Hoarding in any form can make life difficult at best and unhealthy at worst. Although hoarding is often seen as an individual collecting items that don’t have any real value but are still seen by that person as having value, there is another type of hoarding that is equally dangerous: animal hoarding.
There are a reported 250,000 animals every year that are the victims of animal hoarding and many cases are expected to go unreported every year.
Let’s get one thing clear right away: having a lot of pets isn’t considered animal hoarding. Even having several cats or dogs in a small, confined space isn’t hoarding unless there is an inability to properly care for those animals. Animal hoarding is the keeping of an abnormally large amount of animals in squalor so that the person and their animals are not receiving the care they need.
Here Are 3 Fast Facts About Animal Hoarding
1. The amount of reported animal hoarding cases has doubled within the last 4 years alone.
2. 72% of animal hoarders are women and recidivism rates for animal hoarders are almost at 100%.
3. The only long-term solution to prevent animal hoarding is to prevent discovered hoarders from owning pets every again.
Takeaway: Everyone has known a little elderly lady who takes care of her cats because she has no one else for company. This isn’t what animal hoarding is typically about. Animal hoarding is a feeling that someone has that they need to rescue every animal that they see, regardless of their ability to properly care for that animal with all the others that are being cared for at any given time. Although the intentions of people in this situation generally start out as being positive, it turns into a form of animal cruelty that is never intentional at first, but almost always happens.
What Happens with Animal Hoarding?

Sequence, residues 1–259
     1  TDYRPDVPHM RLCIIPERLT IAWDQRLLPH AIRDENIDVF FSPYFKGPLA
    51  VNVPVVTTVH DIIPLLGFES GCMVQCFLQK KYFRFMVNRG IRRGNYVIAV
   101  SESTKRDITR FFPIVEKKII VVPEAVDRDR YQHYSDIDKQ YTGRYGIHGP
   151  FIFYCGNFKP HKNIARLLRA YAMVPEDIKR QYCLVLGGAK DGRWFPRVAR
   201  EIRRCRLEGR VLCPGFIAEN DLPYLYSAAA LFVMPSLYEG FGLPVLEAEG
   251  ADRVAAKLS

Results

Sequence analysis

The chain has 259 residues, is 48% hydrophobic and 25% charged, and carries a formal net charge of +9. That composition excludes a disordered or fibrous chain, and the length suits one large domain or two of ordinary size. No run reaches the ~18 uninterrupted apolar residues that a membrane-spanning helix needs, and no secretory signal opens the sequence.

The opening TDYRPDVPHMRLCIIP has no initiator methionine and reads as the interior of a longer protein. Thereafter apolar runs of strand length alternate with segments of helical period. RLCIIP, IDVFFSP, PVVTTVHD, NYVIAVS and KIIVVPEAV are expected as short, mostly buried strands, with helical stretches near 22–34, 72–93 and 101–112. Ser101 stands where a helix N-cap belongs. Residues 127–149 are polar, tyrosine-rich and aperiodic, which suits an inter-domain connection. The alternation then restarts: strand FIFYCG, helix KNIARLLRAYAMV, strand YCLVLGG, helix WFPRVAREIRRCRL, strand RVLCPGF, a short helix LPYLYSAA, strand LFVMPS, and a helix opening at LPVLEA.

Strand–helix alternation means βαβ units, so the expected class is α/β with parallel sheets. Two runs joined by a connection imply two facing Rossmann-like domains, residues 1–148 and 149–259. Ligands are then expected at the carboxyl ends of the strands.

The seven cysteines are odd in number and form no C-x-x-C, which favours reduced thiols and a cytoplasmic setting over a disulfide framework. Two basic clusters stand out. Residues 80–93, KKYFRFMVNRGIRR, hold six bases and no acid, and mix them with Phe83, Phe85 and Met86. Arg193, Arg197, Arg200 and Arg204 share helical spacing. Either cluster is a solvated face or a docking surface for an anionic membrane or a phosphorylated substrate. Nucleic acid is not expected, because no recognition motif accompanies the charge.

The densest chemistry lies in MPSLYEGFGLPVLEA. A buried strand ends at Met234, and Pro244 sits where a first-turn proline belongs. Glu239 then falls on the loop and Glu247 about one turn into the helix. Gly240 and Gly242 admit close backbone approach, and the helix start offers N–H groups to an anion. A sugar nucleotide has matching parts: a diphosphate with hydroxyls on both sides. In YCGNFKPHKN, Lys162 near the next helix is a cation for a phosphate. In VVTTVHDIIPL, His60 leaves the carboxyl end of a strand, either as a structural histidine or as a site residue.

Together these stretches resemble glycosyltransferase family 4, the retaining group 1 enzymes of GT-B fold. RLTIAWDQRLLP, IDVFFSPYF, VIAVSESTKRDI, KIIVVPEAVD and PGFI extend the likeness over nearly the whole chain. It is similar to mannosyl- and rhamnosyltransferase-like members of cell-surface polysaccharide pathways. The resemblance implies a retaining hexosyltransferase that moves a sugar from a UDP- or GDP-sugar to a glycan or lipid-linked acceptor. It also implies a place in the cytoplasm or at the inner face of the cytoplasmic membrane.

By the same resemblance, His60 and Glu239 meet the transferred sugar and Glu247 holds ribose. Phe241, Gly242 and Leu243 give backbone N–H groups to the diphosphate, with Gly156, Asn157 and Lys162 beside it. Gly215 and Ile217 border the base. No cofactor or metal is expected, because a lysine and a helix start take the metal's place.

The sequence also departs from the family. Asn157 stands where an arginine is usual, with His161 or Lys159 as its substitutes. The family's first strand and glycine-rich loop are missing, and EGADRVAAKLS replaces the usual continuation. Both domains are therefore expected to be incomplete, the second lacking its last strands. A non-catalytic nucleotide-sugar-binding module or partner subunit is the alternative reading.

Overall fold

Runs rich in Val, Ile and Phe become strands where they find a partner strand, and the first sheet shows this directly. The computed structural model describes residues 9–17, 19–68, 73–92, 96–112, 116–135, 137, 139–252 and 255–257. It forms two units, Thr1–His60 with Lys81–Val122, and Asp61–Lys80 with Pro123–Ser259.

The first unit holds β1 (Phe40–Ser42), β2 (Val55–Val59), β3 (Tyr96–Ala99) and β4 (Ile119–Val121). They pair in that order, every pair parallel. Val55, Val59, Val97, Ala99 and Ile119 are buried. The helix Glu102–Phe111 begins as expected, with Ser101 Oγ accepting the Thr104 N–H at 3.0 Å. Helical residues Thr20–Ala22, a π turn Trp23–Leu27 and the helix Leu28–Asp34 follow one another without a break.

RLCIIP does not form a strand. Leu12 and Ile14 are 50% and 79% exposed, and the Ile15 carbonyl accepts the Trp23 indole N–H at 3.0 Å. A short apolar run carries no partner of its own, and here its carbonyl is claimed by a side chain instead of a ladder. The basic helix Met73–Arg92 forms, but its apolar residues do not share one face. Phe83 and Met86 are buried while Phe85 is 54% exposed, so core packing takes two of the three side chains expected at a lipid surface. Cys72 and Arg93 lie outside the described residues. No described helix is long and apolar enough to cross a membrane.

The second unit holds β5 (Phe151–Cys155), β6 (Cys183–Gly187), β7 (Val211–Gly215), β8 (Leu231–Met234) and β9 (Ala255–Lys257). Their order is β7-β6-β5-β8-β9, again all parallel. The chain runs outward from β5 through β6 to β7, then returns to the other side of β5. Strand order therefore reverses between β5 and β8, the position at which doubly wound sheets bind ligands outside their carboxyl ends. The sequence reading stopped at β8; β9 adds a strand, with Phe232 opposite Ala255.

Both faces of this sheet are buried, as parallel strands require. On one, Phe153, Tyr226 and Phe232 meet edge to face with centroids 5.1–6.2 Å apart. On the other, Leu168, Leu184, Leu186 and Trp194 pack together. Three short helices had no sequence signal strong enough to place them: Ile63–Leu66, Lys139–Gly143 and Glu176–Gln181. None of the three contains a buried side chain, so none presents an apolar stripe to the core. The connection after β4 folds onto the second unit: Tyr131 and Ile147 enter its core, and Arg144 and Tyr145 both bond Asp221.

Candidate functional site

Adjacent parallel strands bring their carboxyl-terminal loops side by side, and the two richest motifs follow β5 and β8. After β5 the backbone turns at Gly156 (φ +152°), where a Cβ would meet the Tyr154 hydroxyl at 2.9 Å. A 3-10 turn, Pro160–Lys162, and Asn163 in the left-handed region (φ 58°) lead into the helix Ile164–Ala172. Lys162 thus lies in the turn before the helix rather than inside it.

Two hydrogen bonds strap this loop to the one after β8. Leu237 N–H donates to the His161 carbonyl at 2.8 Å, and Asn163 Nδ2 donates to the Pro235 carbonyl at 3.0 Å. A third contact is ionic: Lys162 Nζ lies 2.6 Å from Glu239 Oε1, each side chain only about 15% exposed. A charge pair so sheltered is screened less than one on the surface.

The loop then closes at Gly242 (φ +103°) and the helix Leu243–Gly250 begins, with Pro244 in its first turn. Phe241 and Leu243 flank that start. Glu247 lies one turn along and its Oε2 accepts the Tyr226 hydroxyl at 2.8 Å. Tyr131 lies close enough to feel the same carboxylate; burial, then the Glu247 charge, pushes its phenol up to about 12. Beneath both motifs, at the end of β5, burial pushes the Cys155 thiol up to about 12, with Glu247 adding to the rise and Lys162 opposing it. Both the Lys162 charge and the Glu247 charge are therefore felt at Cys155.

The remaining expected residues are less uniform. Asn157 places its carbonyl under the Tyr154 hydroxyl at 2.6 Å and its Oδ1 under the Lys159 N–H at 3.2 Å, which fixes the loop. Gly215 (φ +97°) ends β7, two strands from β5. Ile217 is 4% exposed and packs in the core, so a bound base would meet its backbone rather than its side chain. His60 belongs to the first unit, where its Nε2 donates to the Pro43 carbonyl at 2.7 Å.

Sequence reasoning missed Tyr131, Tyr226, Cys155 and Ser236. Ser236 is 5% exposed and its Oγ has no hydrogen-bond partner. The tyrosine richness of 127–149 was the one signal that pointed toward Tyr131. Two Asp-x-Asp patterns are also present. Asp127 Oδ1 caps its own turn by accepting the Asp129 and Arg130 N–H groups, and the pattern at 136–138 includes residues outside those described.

1. The most commonly hoarded animal amongst discovered cases of animal hoarding is the cat.
2. Most cases of animal hoarding will completely bankrupt a humane society once the problem has been discovered.
3. 3,500 new cases of animal hoarding are discovered every year.
4. The most common reason why animal hoarding begins is because of an extremely stressful event that happens without any additional support, from health issues to the loss of an important relationship.
5. 40% of people who are likely to hoard objects are also likely to become animal hoarders.
6. Cats might be the most commonly hoarded animal, but any animal can be hoarded. Cases of hoarding goats, chickens, lizards, and snakes have all be discovered.
7. It is believed that animal hoarding exists in some form in every community.
8. 72% of hoarders are women and that the most common animal victims of hoarders are cats, followed by dogs.
Takeaway: In order to protect these animals, people must be able to do more than just pass by a suspected house where animal hoarding is taking place and shake their heads at the sight. If there is a negative odor coming from a home that contains a lot of pets, then there is a good chance that hoarding is going on. If there are pets that aren’t receiving a basic standard of care, then something needs to be done. Most animal hoarders will not seek out help on their own. They believe that the conditions of their home are fine, even needed sometimes, because it is just part of taking care of so many loving pets.